The Rolling Stone delves deeper into the musical background and influences of David Duchovny.
By Brian Hiatt
As of a few years ago, David Duchovny had never played guitar, and he had barely sung a note in public since flunking a choir audition as a kid. So he was as surprised as anyone to find himself recording what turned out to be a likable, lyrically tart, vaguely Wilco-ish debut album, Hell or Highwater, due out May 12th. It started when his split from wife Tea Leoni left the 54-year-old actor with unaccustomed free time, thanks to joint custody of his two kids: “I thought, ‘Maybe I can learn to play guitar to amuse myself,’ ” says Duchovny, who’s starring in a new NBC series, Aquarius (premiering May 28th), and will also film six new episodes of The X-Files this summer. “That was the motivation.”
One of your songs disses Bob Dylan for doing ads — that’s ballsy for a debut LP.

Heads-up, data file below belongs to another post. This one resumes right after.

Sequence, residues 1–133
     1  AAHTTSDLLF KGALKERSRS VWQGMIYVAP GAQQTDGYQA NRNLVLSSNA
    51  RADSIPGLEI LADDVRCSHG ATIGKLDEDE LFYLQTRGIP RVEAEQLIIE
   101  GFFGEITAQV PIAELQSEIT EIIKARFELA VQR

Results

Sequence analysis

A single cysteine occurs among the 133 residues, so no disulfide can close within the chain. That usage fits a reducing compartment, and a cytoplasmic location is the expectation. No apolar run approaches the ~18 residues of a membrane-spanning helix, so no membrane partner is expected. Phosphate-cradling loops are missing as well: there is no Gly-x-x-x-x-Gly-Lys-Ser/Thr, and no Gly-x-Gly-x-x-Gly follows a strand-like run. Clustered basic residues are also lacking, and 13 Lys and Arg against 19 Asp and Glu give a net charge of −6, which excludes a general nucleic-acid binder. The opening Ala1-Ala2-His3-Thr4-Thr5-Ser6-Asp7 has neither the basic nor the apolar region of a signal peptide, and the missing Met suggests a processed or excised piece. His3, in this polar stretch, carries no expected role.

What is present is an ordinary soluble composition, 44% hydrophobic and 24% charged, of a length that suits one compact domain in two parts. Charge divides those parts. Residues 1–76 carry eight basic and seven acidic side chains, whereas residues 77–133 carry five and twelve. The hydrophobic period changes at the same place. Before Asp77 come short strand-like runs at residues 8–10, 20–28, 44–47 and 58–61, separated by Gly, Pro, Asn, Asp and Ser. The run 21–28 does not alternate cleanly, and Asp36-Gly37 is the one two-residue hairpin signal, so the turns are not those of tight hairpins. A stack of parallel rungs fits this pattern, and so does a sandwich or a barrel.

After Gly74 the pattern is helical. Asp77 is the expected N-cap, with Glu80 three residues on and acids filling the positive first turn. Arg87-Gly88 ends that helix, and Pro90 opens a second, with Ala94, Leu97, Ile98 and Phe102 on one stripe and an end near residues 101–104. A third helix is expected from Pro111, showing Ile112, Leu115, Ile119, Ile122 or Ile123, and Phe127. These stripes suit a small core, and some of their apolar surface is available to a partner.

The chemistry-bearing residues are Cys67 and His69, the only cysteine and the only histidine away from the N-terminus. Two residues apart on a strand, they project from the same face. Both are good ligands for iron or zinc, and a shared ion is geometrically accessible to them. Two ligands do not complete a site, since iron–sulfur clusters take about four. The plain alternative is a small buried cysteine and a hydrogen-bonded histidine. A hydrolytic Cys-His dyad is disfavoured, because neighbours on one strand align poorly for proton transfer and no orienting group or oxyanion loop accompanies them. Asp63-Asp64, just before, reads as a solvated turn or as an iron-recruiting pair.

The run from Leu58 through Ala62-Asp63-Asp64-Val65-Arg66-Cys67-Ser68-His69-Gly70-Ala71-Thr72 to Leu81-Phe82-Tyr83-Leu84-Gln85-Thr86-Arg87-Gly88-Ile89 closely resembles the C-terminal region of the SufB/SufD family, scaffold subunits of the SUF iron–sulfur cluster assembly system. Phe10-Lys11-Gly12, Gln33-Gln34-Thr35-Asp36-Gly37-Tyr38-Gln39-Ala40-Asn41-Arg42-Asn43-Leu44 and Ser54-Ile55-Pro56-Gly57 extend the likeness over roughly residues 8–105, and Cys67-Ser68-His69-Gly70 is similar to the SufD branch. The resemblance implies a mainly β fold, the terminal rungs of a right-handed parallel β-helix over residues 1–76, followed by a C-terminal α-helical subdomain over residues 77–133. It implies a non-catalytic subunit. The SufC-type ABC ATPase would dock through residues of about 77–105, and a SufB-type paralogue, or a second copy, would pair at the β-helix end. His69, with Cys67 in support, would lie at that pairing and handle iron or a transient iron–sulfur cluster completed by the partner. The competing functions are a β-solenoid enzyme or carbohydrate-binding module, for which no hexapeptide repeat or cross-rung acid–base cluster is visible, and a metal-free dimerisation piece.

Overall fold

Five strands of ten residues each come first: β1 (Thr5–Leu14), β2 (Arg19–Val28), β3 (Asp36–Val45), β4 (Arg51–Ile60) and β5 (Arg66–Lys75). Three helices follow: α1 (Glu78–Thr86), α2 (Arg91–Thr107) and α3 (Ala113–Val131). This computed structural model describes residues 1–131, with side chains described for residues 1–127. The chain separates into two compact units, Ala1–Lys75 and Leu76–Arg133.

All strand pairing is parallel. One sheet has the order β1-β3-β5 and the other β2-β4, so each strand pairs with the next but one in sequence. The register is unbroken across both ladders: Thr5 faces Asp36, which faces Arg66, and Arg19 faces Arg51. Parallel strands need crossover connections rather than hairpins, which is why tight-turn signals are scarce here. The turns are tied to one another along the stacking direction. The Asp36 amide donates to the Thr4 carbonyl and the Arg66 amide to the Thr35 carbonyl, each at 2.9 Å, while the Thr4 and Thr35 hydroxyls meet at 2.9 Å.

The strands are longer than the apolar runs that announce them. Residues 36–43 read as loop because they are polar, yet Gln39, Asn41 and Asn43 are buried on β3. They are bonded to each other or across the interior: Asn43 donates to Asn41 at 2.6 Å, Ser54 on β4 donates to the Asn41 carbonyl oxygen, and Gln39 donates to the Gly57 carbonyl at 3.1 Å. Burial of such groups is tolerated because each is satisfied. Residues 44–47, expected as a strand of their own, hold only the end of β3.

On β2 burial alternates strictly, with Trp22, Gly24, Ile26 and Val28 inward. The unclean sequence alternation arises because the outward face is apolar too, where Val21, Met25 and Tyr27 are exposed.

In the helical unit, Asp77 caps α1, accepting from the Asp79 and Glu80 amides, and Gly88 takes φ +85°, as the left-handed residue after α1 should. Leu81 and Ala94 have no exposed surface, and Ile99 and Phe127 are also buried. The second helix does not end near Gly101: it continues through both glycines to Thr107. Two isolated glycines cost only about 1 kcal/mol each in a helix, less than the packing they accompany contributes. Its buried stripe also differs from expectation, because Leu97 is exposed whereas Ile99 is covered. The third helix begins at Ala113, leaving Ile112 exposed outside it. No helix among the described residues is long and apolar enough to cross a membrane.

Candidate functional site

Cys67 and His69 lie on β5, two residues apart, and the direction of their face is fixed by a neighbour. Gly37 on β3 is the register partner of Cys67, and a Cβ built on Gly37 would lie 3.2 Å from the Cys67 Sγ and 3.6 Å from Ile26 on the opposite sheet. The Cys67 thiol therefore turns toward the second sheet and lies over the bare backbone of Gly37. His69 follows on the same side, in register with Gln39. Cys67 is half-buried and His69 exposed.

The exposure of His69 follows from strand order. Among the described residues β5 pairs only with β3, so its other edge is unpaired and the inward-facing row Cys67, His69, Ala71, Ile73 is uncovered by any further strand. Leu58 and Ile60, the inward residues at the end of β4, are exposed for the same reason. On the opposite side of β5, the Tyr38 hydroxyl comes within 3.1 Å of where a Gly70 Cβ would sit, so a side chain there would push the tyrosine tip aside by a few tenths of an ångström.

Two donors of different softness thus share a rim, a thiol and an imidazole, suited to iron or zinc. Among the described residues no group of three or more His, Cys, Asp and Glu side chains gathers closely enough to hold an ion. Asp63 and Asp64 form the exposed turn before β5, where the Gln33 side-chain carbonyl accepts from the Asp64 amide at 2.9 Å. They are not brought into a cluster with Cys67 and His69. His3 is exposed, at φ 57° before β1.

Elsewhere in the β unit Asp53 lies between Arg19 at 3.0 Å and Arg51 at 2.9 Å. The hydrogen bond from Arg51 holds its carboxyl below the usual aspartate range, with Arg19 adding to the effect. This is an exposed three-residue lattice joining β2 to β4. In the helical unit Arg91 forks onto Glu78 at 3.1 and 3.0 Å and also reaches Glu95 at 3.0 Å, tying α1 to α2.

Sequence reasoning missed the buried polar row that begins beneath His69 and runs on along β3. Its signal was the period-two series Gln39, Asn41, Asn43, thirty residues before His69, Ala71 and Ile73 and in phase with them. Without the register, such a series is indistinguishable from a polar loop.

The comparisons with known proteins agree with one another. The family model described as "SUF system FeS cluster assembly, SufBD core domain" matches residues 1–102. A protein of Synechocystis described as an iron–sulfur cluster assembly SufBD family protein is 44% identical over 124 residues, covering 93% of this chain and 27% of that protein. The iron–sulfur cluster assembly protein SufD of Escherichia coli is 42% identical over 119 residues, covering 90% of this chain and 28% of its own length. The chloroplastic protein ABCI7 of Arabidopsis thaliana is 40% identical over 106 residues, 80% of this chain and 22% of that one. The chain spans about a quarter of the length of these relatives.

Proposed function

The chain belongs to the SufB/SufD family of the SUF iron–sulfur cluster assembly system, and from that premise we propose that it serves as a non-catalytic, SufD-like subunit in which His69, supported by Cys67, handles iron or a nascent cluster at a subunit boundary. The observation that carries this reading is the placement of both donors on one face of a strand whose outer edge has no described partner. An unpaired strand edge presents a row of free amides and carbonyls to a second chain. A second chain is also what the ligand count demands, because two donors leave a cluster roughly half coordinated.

If I were him, I wouldn’t give a shit what I think. It came from watching the Super Bowl with my children, and the jingoism and bullshit America über alles stuff was making me ill. To me, Dylan was a way in. I’m happy he can make money. I think he can do whatever the fuck he pleases, and he’s aces with me forever.
Your voice sounds a bit like the guy from the National.
If my voice sounds like anybody, I take it as a compliment [laughs]. With singing, I just wanted to have some sense of when I open my mouth, what the fuck is gonna come out? It’s not natural to me.
What was the first day in the studio like?
Horrible. At one point, I was just lying on the ground underneath the mic, yelling that this was all a mistake.
You also published a novel this year, and your Twitter bio simply says “dilettante.”
It’s all just an offering. I’m saying here’s something I did. If you like it, take it with you, and if you don’t, maybe I’ll do it again, and hopefully you’ll like that one.
What’s behind your line about “mediocrities for hourly fees”?
We’ve all paid for a little therapy, haven’t we? I had a professor who said they called them shrinks because they make things small. They shrink everything. That’s probably the most specifically angry I get in any of these songs.
Read the full interview on Rolling Stone’s website here.